Stanley Kurtz takes a look at how the Community Reinvestment Act was used by activist groups to pressure banks into lending money to high-risk applicants, and how “community organizers” like ACORN played a front-line role. ACORN insinuated itself into the process by using CRA to block bank sales and mergers and force lending institutions to lower standards for applicants. They also championed the sale of these loans to Fannie Mae as a key program that would alleviate the lenders of any risk in lending:
"CRA was meant to encourage banks to make loans to high-risk borrowers, often minorities living in unstable neighborhoods. That has provided an opening to radical groups like ACORN (the Association of Community Organizations for Reform Now) to abuse the law by forcing banks to make hundreds of millions of dollars in “subprime” loans to often uncreditworthy poor and minority customers.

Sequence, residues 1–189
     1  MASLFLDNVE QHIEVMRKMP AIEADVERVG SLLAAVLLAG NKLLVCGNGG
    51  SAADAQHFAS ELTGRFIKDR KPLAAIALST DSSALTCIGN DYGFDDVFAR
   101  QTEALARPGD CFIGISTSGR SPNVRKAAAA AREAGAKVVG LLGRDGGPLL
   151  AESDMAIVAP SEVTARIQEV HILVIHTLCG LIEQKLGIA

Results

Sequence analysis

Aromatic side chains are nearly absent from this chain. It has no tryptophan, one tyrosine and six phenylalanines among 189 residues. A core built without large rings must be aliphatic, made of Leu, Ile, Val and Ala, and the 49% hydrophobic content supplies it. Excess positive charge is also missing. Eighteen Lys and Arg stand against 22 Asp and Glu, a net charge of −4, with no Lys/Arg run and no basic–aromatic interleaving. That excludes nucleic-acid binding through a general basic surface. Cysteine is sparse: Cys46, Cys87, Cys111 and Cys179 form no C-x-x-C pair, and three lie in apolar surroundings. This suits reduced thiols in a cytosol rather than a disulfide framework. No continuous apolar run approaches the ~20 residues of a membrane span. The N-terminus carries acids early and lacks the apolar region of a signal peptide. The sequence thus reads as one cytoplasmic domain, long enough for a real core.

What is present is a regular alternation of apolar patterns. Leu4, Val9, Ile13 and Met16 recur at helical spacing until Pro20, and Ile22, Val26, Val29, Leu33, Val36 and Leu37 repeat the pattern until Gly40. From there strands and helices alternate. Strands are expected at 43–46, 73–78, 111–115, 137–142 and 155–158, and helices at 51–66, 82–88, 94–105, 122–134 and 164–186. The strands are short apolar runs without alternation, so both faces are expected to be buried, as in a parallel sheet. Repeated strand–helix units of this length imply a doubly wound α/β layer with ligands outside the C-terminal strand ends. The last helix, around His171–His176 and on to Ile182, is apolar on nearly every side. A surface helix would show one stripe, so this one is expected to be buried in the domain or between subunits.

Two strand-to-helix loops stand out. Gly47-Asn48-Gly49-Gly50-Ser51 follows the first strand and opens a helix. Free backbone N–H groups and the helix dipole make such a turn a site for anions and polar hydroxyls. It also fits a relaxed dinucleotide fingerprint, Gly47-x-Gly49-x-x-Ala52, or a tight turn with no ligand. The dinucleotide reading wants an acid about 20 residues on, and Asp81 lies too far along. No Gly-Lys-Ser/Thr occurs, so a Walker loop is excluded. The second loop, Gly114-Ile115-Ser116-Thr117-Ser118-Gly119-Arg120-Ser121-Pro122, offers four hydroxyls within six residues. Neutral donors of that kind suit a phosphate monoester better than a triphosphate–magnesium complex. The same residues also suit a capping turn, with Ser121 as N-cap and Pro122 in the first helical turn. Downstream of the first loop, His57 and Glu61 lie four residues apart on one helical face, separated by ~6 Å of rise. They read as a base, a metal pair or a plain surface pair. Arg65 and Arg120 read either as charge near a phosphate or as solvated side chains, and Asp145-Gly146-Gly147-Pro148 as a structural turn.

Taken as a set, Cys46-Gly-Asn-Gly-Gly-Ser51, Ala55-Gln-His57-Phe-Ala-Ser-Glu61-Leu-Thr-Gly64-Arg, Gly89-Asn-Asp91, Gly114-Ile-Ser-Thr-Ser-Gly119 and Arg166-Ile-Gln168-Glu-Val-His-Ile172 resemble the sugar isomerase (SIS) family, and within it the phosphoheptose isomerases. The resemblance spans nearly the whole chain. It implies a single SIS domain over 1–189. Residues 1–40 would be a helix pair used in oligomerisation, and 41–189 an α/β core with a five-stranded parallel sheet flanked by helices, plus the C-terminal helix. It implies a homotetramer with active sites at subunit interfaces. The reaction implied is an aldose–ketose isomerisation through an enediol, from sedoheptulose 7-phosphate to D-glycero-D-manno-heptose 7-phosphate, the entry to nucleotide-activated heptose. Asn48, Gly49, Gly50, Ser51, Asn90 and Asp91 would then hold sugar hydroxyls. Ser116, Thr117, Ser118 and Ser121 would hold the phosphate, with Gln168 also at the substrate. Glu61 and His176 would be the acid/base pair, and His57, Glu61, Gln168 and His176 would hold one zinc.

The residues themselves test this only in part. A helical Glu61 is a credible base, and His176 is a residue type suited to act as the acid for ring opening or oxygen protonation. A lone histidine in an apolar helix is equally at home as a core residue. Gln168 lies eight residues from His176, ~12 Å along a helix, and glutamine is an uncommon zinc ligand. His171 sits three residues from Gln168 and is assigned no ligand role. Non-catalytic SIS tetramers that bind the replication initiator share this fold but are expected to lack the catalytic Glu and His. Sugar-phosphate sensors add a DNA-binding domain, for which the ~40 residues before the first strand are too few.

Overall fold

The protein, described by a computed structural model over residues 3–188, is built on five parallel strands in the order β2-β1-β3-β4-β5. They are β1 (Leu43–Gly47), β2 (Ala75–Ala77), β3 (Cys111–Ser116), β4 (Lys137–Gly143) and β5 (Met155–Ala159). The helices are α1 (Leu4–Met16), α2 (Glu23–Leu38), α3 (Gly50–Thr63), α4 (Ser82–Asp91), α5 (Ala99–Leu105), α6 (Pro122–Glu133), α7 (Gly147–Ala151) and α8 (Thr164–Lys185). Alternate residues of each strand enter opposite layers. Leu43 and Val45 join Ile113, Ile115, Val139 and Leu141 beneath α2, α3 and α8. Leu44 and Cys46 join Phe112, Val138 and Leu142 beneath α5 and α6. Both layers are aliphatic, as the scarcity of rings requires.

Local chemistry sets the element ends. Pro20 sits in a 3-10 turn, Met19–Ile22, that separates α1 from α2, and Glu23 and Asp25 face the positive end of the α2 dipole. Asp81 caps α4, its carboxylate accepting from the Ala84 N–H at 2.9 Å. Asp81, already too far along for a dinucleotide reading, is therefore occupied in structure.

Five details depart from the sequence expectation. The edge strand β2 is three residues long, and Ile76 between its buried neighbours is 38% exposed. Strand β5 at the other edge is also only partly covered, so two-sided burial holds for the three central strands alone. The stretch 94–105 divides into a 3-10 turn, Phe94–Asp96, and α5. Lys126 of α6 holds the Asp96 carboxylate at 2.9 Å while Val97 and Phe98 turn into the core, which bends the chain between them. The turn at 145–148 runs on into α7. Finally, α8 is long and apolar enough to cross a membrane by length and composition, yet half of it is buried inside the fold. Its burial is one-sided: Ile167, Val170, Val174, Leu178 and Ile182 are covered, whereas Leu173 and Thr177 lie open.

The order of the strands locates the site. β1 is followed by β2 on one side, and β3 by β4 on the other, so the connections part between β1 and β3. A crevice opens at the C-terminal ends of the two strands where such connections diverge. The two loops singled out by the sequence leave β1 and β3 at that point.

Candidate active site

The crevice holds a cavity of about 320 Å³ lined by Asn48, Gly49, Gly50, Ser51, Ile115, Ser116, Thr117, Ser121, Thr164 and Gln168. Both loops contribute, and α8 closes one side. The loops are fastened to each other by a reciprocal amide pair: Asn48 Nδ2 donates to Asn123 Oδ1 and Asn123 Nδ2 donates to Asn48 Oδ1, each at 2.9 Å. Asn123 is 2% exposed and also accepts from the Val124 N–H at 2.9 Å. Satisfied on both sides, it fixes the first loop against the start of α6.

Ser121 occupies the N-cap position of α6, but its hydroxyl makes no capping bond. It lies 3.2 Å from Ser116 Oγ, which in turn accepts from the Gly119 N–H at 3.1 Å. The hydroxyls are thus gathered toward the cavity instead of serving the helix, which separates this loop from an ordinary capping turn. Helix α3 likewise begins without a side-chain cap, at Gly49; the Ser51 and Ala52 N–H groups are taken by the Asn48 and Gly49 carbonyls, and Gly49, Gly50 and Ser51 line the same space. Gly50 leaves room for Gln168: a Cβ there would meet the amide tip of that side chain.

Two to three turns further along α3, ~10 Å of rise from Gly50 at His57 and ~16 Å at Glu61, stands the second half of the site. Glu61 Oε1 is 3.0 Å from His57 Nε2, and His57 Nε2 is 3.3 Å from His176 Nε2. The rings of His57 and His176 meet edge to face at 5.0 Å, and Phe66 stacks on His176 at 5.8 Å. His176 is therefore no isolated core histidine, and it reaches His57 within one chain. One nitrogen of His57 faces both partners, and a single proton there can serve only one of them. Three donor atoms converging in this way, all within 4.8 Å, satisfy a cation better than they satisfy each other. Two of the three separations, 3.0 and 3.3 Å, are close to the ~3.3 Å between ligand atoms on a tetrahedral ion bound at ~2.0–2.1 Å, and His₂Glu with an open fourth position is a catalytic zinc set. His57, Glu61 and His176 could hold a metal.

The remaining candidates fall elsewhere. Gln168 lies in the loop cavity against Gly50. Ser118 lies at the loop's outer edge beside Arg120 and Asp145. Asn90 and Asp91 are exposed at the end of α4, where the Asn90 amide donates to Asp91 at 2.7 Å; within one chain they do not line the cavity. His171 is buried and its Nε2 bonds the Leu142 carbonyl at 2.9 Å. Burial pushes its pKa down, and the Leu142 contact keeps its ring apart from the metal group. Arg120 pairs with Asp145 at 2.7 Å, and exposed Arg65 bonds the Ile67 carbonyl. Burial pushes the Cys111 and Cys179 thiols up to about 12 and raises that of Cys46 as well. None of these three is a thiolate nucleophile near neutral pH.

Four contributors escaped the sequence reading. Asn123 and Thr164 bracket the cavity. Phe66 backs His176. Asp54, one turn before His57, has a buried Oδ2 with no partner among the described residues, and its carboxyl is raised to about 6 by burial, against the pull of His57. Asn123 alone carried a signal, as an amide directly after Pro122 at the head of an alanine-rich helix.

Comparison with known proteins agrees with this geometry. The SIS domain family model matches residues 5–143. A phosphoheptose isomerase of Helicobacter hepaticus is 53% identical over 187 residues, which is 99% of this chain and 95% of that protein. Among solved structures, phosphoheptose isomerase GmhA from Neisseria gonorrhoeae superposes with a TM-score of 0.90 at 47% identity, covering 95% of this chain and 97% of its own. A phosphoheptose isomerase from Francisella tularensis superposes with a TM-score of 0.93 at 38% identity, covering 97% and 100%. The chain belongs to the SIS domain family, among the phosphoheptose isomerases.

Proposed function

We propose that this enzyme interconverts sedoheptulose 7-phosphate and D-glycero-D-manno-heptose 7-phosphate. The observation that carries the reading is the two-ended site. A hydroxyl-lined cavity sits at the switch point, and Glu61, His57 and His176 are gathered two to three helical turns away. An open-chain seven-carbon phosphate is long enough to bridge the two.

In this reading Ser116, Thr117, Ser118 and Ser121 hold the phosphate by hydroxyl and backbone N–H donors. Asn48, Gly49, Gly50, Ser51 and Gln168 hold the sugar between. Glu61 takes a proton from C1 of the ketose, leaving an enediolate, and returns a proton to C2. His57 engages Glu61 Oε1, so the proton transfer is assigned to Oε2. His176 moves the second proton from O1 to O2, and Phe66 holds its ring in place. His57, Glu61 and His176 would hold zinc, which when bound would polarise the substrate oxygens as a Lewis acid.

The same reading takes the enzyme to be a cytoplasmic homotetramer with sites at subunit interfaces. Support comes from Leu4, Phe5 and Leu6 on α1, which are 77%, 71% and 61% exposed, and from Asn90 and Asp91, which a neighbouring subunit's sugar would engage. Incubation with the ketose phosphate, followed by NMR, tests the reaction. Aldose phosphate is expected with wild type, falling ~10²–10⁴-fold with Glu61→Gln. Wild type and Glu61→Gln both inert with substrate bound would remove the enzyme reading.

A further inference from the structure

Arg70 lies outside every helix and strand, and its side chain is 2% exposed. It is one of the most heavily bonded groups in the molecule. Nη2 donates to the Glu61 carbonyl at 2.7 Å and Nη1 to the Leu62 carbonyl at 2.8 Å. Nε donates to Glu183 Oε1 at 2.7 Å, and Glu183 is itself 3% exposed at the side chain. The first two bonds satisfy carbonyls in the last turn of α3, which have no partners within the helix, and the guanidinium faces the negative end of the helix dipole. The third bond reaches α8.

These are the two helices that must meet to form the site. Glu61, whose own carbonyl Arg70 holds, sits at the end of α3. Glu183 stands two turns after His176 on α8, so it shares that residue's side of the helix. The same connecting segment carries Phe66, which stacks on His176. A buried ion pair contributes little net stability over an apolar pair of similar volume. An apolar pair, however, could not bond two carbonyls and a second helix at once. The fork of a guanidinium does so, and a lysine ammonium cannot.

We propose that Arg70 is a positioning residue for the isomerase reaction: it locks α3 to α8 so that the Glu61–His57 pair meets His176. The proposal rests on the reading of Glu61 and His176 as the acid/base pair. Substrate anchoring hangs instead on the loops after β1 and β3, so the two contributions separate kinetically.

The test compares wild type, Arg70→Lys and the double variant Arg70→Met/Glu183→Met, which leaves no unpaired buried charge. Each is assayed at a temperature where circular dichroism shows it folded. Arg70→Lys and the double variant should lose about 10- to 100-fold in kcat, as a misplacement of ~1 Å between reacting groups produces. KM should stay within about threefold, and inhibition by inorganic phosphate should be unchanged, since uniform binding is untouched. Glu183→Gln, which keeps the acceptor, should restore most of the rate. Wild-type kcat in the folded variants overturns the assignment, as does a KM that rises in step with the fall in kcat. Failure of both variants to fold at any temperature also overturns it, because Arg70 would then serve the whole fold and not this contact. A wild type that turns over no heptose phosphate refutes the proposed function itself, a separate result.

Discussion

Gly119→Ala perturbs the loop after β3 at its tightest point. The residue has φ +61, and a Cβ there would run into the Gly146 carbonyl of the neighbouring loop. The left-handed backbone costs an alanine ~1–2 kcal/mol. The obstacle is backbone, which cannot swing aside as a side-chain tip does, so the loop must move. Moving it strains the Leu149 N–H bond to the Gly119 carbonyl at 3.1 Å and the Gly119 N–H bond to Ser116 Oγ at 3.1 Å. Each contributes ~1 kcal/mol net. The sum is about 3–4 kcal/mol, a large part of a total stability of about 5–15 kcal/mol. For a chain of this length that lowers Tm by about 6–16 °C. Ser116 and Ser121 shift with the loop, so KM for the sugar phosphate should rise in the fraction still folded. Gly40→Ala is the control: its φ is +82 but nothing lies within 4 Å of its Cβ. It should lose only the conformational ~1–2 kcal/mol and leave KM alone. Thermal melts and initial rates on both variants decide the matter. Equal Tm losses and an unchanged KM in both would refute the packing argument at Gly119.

Any bank that wants to expand or merge with another has to show it has complied with CRA - and approval can be held up by complaints filed by groups like ACORN.
In fact, intimidation tactics, public charges of racism and threats to use CRA to block business expansion have enabled ACORN to extract hundreds of millions of dollars in loans and contributions from America’s financial institutions.
Banks already overexposed by these shaky loans were pushed still further in the wrong direction when government-sponsored Fannie Mae and Freddie Mac began buying up their bad loans and offering them for sale on world markets.
Fannie and Freddie acted in response to Clinton administration pressure to boost homeownership rates among minorities and the poor. However compassionate the motive, the result of this systematic disregard for normal credit standards has been financial disaster."